Holy Family Secondary School

The early days of the development of the Holy Family School.......




As there was no secondary school for girls in Newbridge, only a technical education was available at the local Vocational School. Those wishing to continue an academic education after primary school had to travel to Kildare or Naas to complete their studies.

To address this problem in Newbridge, in 1948, Rt. Rev. Msgr Miller, Parish Priest and school manager, set up a ‘secondary top’ in the Holy Family convent. A ‘Secondary Top’ was a secondary school programme set up for pupils of 14-16 years who remained on in primary school after school-leaving age. Sr Gertrude was the principal, and Sr Benedict (Sr Brid) assisted her. Based in the Convent, they shared classrooms with the primary school that was also based there. Many of their classes were held in wooden building known as ‘St Margaret’s’. This building was freezing cold in winter, and hot and stifling during the summer months. The Principal’s first task each winter month was to light a fire around 6am, and even then the ink froze in the ink-wells.

The ‘secondary top’ uniform was dark brown gymslip and tie, with a yellow blouse for summer; alternative summer wear was short-sleeved beige dress with brown trimmings. The winter outfit was a yellow jumper with brown stripes on neck and cuffs, and a gymslip.

Six pupils enrolled in 1948, and sat the Intermediate Certificate in 1950. Leaving Cert was not offered at that stage, so a secretarial/commercial course was organised under the guidance of Sr Berchmans (later St Teresa) and Sr Rosalie. Those who wanted to complete their Leaving Cert did so in the Mercy Convent, Naas. But from 1949 onwards a basic Leaving Cert programme of six subjects was offered to students.

In 1955 Sr Fatima (Sr Catherine Moran) joined the staff. She taught in both primary and secondary schools, as did Sr Gertrude. In 1958 Sr Gertrude moved to a Holy Family School in Paris, and Sr Berchmans became Principal. This was the last year of the ‘secondary top’. It was proving very difficult to get staff for the ‘secondary top’: only those with a national teacher’s diploma were paid by the Department of Education, while teachers with a university degree were not eligible for an incremental salary. If employed, they had to be paid out of private convent funds. As the salary was not incremental, working in a ‘secondary top’ was not an attractive proposition.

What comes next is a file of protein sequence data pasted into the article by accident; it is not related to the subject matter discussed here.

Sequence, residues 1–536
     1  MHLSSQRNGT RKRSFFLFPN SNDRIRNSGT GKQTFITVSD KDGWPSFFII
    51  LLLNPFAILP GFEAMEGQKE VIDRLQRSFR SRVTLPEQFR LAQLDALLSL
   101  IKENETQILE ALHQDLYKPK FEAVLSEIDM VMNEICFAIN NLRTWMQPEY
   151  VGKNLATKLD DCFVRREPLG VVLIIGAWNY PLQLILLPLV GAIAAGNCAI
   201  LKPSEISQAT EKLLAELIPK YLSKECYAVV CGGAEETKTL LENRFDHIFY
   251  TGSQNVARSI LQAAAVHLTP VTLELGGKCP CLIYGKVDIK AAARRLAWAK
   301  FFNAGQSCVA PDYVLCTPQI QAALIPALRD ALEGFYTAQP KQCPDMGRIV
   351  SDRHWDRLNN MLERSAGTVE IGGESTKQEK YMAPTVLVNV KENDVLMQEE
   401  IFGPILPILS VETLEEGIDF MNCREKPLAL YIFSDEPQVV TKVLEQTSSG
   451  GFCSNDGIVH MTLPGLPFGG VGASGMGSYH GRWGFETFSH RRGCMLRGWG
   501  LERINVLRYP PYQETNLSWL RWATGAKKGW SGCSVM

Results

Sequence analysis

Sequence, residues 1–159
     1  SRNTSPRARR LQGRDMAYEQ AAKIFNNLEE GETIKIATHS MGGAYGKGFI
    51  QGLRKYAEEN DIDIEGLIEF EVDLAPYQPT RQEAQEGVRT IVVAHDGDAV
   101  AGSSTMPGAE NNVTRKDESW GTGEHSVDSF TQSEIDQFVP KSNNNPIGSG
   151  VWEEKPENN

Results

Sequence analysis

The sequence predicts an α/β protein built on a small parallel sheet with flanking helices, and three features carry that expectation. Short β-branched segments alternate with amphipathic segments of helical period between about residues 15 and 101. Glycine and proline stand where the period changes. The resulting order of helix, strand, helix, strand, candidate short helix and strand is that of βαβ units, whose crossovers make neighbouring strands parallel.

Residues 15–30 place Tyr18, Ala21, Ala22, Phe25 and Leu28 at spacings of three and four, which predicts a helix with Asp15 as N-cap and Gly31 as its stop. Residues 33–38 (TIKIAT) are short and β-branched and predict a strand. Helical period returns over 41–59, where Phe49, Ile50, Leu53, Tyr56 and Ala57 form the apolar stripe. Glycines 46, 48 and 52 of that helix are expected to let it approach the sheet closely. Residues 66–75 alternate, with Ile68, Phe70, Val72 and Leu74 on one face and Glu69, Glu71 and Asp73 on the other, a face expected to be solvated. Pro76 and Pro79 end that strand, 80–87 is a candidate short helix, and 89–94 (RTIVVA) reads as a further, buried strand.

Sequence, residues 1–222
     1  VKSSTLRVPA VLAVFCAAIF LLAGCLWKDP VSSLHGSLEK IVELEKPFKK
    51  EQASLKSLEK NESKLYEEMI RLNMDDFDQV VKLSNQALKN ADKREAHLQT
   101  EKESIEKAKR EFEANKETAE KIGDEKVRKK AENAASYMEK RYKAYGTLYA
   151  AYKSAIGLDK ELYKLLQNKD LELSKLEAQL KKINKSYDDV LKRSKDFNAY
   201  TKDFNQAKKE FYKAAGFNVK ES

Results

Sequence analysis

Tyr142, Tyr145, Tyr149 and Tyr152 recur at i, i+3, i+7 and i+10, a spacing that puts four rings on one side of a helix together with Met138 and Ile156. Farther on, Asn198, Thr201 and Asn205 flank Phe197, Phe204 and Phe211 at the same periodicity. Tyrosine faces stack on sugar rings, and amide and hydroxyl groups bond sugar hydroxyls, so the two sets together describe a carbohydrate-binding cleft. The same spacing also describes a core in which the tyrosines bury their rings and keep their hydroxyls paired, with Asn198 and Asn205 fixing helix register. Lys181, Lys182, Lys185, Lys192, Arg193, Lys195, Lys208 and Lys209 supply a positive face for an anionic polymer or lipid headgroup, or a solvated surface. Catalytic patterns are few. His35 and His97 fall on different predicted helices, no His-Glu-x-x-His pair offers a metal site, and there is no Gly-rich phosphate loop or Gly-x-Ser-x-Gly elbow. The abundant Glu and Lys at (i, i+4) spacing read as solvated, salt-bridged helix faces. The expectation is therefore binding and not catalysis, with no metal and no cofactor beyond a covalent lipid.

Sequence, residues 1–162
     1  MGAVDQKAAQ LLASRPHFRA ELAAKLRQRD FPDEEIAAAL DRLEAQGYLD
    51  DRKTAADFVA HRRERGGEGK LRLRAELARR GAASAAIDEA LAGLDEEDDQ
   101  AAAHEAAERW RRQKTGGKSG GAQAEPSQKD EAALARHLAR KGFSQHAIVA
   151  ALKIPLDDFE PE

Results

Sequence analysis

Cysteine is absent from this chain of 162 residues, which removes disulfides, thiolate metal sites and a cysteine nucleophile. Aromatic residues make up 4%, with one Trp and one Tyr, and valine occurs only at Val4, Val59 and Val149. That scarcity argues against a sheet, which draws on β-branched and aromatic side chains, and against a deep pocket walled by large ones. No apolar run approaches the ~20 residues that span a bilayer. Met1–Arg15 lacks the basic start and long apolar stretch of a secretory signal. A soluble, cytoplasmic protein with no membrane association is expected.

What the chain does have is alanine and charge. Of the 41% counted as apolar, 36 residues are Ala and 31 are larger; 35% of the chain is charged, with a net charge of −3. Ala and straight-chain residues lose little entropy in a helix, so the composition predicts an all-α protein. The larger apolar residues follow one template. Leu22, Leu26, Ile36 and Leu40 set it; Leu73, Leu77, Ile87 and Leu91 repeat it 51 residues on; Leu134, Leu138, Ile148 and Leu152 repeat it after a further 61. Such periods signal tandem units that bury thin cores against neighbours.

The pupil-teacher ratio was also a problem with a ‘secondary top’ school, as the ratio was based on the combined total of pupils in both primary and ‘secondary top’. With very small classes in the latter, some primary classes often had fifty pupils or more to deal with.


Monday 7 September, 1959, secondary school for girls opened. Based in the east wing of the convent and in ‘St Margaret’s’, it began with an enrolment of seventy-five pupils and a staff of five. The Principal was Sr Fatima (Sr Catherine), and she was ably helped by Sr Rosalie Ryan, Sr Elizabeth Molloy (from Leeds), Mrs Margaret O’Donoghue and Mrs Maire Ryan.

Pupils paid a fee of 4 guineas per term, with concessions for sisters. Uniform remained similar to the primary school to minimise expense, with the only addition a cerise sash and beret, and the Holy Family crest on the gym-slip and beret. Pupils brought a separate pair of indoor shoes as they shared the building with the nuns.

Irish, English and Maths were the core subjects, and languages, science and commerce made up the other options. Science had to be taught by someone with a University science degree, while all other subjects could be taught by university graduates. In the first year, there were seven pupils in Sixth Year, and fifteen in First Year. Overall there were fifteen pupils per class.

The school was given provisional recognition by the department of Education on 19 January 1960, and this was renewed on 14 June 1961.


Source: Maire Ryan, The Holy Family Sisters in Newbridge, 1875-2000. A publication to mark the 125th Anniversary of the Holy Family Sisters in Newbridge. (2000)